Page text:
Disguise script
Saturday, February 25, 2006
Listen

Garrison Keillor: If you live in a place like Glenwood, Minnesota, population 2,570, you understand the joys of living in a tight-knit community. (CAR PASSING, HONKS) People here know you. You're not just a face — the clerk in the grocery store knows you by name.

Sue Scott (MIDWESTERN): Hey, Judy. Good to see ya. I like your hair that way. And those shoes. Like em better than the ones you were wearing yesterday, I gotta tell ya. Huh— sirloin, huh? Pretty fancy. I heard you got a big tax refund this year. Yeah, Bob down at the post office told me.

GK: In a small town, people know your business, and they know all of it, there are no secrets here.

(WOOF, COLLAR JINGLE)

SS (MIDWESTERN): Hey, looks like Rex is back up and at 'em. Guess you musta succeeded in expressing those blocked anal glands of his. Well, good for you. Speaking of anal— how're those hemmorhoids? That salve work for you? You look like you're walking more comfortable than you were last week.

GK: Sometimes a person craves a little anonymity, and if you don't want to move to Minneapolis, then maybe it's time to call Myrt at Farmland Costume Shop.

SS (MINN): Hey. We got everything you need, fake noses and chins, wigs, fake beards, everything to disguise you so even your own mom won't recognize you.

Tim Russell (MINN): What do you recommend for me, Myrt?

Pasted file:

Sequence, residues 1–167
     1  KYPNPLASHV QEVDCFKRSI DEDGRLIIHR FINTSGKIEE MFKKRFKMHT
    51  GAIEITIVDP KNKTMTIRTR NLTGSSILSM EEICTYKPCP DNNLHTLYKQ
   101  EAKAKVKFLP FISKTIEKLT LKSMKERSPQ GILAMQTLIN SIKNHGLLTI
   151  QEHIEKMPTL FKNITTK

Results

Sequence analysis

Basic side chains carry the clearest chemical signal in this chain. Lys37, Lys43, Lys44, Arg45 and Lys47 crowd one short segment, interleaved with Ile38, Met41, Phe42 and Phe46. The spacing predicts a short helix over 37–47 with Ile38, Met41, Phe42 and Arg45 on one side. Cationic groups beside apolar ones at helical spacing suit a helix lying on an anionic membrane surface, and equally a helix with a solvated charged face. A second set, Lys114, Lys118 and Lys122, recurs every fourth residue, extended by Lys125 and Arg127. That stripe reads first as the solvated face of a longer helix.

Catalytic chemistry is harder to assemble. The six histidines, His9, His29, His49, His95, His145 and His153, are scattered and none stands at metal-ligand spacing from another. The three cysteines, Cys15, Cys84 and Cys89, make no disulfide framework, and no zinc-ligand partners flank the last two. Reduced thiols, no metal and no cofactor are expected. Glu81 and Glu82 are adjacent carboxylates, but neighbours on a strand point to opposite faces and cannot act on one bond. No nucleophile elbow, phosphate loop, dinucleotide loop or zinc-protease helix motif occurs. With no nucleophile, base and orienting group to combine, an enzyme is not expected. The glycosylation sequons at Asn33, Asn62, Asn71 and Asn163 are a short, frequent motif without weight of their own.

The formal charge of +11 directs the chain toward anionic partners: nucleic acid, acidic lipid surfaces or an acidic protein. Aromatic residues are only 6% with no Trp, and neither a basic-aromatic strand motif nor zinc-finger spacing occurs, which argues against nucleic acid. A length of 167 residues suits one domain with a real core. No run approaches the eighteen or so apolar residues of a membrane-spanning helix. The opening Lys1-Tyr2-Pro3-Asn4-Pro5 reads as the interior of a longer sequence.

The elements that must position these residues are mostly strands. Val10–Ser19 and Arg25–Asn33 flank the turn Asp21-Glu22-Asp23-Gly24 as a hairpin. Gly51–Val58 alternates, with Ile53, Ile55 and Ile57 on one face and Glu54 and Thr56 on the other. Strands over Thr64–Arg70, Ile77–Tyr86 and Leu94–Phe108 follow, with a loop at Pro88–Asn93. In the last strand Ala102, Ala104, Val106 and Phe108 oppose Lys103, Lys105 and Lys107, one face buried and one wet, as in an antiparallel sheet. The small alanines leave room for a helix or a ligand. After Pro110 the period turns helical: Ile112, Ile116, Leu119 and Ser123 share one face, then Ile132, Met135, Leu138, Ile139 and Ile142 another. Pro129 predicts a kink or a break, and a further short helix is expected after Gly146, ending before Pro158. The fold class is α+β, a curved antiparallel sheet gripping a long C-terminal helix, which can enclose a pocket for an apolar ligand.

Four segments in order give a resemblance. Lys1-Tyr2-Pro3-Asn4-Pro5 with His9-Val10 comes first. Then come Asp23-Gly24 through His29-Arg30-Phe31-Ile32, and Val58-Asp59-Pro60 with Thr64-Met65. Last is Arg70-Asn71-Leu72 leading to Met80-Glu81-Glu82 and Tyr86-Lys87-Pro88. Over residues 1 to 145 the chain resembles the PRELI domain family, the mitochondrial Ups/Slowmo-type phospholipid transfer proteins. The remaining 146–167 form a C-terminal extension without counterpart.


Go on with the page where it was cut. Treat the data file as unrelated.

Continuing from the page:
SS (MINN): Try this beard and eye patch and put a hook on your left hand—

TR: (PIRATE) Aye me hearties — blot your escutcheons and let's ready the grappling hook and we'll board that there schooner— (MINN) Naw, I don't think so. What else you got?

SS (MINN): Try this beret and little mustache—

TR (FRENCH): Mon Dieu, I am tremendous enchante to be here as a tourist in Lac Qui Parle— (MINN) Naw, anybody can tell I'm not French, Myrt.

SS (MINN): Well, you could put on a dress and false eyelashes and go in drag, Earl.

TR (MINN): Why I adore your little village here and the lake and my goodness the implement store — I never saw such strong clerks. It made me shiver. (MINN) Boy, if the guys at the Elks Lodge ever found out about this, I'd have to move to Willmar.

SS (MINN): Well, I got one more idea, Earl. Cowboy. Go as a cowboy. Neckerchief, hat, pair of six-shooters—

TR (JOHN W): Well, you just may be right about this. This feels good to me. How do I look?

SS (MINN): You look perfect.

TR (JOHN W): Thanks. I feel pretty darn good, too.

SS (MINN): So your herpes is cleared up?

TR (JOHN W): Not talking about that, Myrt. Just here to do what a man's got to do.

SS (MINN): My cousin got that off a toilet seat. That where you get it?

TR (JOHN W): How much I owe you, Myrt?

GK: Farmland Costume Shop, right here in Glenwood. When you need to be anonymous for awhile, come see us. You can be whatever you want to be, at the Farmland Costume Shop. (MUSIC PLAYOFF)

Old Sweet Songs: A Prairie Home Companion 1974-1976

Old Sweet Songs

Lovingly selected from the earliest archives of A Prairie Home Companion, this heirloom collection represents the music from earliest years of the now legendary show: 1974–1976. With songs and tunes from jazz pianist Butch Thompson, mandolin maestro Peter Ostroushko, Dakota Dave Hull and the first house band, The Powdermilk Biscuit Band (Adam Granger, Bob Douglas and Mary DuShane).

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